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Diagnosis and Research

We think of pain as a signal of injury. However, that generally isn't the case with headaches. Headaches represent a disturbance in the pain sensing system itself. Think of a car alarm that goes off without any obvious reason. Headaches occur when the pain sensing system goes "off" for no apparent reason.

Distinguishing those headaches that are serious from the common benign ones is not easy. Please note: this Web page is for educational and informational purposes only.

Uncovering the cause of headaches is difficult.  Patients report headaches of varying intensity, location on the head, frequency and persistence. Plus, many different symptoms may occur in association with the pain.

Descriptions of the pain include throbbing, steady, pressing or squeezing. Often, the pain is felt near the eyes, reflecting the large number of nerve endings surrounding the eyes. Discomfort can also be felt at the top of the head or across the forehead.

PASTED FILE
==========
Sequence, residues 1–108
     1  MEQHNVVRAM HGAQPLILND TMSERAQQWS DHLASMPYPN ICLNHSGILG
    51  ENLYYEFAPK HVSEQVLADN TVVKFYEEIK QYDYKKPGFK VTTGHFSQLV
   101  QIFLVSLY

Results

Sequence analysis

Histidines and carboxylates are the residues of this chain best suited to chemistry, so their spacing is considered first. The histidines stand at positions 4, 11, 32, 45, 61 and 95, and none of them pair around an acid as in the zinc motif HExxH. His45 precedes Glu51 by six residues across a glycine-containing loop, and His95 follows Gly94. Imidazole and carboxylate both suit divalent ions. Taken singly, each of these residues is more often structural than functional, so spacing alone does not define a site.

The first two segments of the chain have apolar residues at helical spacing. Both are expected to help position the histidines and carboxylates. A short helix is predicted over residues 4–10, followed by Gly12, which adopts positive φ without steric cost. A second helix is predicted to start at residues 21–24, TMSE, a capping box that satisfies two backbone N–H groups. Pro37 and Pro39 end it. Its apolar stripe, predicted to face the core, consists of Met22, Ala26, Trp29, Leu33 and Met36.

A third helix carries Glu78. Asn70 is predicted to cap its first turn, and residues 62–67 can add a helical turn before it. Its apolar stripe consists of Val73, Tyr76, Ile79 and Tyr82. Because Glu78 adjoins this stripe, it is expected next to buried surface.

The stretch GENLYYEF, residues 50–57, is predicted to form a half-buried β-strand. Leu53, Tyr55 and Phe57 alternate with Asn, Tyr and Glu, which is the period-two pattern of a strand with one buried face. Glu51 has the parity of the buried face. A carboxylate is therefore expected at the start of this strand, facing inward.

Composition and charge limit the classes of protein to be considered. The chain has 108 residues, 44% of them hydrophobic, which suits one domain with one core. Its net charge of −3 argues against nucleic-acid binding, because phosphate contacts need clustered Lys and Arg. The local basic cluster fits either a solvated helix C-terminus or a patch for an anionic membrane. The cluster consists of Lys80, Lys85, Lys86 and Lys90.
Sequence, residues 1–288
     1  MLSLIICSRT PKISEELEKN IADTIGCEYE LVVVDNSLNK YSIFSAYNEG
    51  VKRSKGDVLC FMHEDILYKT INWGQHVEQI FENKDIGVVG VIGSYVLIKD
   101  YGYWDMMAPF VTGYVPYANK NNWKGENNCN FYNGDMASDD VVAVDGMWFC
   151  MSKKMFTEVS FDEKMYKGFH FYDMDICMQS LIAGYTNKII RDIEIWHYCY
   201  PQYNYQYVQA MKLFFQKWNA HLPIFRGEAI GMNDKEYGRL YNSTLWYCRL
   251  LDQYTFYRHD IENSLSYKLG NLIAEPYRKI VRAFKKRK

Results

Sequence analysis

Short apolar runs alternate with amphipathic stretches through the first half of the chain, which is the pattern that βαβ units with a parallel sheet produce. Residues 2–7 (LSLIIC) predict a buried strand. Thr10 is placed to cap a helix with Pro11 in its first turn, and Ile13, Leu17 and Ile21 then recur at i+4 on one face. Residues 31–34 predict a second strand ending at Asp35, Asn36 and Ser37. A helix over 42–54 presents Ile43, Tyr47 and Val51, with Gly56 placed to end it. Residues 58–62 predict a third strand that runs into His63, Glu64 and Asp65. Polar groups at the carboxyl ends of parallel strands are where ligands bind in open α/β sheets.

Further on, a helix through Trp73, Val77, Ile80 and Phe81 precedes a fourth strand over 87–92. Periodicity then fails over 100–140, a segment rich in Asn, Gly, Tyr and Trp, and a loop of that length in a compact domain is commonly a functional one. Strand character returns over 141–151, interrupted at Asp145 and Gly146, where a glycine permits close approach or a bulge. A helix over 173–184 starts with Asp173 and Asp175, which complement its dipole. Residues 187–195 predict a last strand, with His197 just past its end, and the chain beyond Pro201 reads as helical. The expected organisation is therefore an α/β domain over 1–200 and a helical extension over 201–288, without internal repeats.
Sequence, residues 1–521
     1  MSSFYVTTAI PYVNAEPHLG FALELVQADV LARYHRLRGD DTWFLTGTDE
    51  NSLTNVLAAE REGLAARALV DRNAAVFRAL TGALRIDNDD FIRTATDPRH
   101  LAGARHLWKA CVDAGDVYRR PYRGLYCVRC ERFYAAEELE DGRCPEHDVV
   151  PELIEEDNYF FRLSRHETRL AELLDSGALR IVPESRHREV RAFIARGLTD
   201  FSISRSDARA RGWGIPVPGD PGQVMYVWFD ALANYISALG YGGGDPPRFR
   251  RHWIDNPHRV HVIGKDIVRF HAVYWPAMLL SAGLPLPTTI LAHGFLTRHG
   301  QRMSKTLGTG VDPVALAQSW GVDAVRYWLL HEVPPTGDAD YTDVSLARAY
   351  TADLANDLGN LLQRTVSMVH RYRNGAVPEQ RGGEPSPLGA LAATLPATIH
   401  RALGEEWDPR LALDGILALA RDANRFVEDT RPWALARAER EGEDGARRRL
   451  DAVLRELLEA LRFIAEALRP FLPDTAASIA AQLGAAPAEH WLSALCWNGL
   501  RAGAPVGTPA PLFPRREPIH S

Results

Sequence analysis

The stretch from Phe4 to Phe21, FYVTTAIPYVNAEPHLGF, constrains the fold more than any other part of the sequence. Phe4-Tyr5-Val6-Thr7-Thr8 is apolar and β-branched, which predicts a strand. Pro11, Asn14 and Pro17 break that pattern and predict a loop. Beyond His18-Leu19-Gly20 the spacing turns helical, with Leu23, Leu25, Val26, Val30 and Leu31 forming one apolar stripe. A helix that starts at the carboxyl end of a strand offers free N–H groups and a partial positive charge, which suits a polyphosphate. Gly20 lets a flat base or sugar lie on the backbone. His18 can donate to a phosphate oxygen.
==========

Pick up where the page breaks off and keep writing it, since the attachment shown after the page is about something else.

However, the location of the pain by itself does not usually tell us much about to the cause of the headache, compounding the problem of diagnosis.

The International Headache Society (IHS) has established a classification scheme, which distinguishes different types of headache. However, this classification is complex and difficult to use; it does not help most patients know what is wrong with them.

As well, headache research holds special challenges. After all, can you ask a mouse if she has a headache? As a result, some types of laboratory studies, which are used in other medical conditions, cannot be applied to headache. 

Recent research has brought progress and most sufferers are helped by modern therapies and treatments. Relief is more readily available than ever before.